Most people know that they have the right to remain silent when put under arrest. However, many people are unsure how to assert that right and protect themselves with it.
It is very easy to talk and say things you should not say due to nerves or worry over not complying with an officer. FindLaw explains that it is essential to learn how to assert your right to remain silent because officers will not do it for you. They will always try to get you to talk.
You must clearly invoke your right to remain silent to avoid any confusion. You will do this after receiving your Miranda rights from an officer.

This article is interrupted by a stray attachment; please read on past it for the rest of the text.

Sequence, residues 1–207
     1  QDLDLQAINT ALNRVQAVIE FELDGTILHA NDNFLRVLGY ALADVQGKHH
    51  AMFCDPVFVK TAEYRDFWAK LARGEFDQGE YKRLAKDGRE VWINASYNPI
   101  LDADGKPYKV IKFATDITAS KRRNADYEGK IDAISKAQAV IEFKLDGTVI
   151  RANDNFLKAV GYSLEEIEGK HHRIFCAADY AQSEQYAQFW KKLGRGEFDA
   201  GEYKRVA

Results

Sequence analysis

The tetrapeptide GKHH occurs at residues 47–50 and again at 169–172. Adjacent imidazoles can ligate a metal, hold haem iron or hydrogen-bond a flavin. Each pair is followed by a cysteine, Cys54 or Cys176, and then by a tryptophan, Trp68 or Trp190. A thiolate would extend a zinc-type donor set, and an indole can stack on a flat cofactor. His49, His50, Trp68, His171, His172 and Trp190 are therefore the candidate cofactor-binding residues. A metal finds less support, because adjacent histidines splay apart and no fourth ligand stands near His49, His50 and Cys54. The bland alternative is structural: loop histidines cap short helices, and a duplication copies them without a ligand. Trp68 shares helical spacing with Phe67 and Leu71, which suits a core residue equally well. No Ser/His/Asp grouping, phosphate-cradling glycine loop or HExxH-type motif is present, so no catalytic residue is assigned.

The best way to invoke your right is to state it. Tell the officer that you are choosing to use your right to remain silent. While you certainly can just be quiet and refuse to speak, stating it out loud will clear up any potential confusion and make the officer aware you are being compliant.
It also helps to include that you wish to speak to your attorney. Once you make that assertion, officers will clearly understand they cannot ask you questions or try to get information out of you because anything they get is not usable in court.
The bottom line is to be clear and use exact language. You do not want to be ambiguous about your intent.
Stick to it
Even if you invoke your right to remain silent but then say something, it will not protect you. You must stick to it. You cannot say anything at any time. Evoking your right alone does not protect you. You must remain silent as well.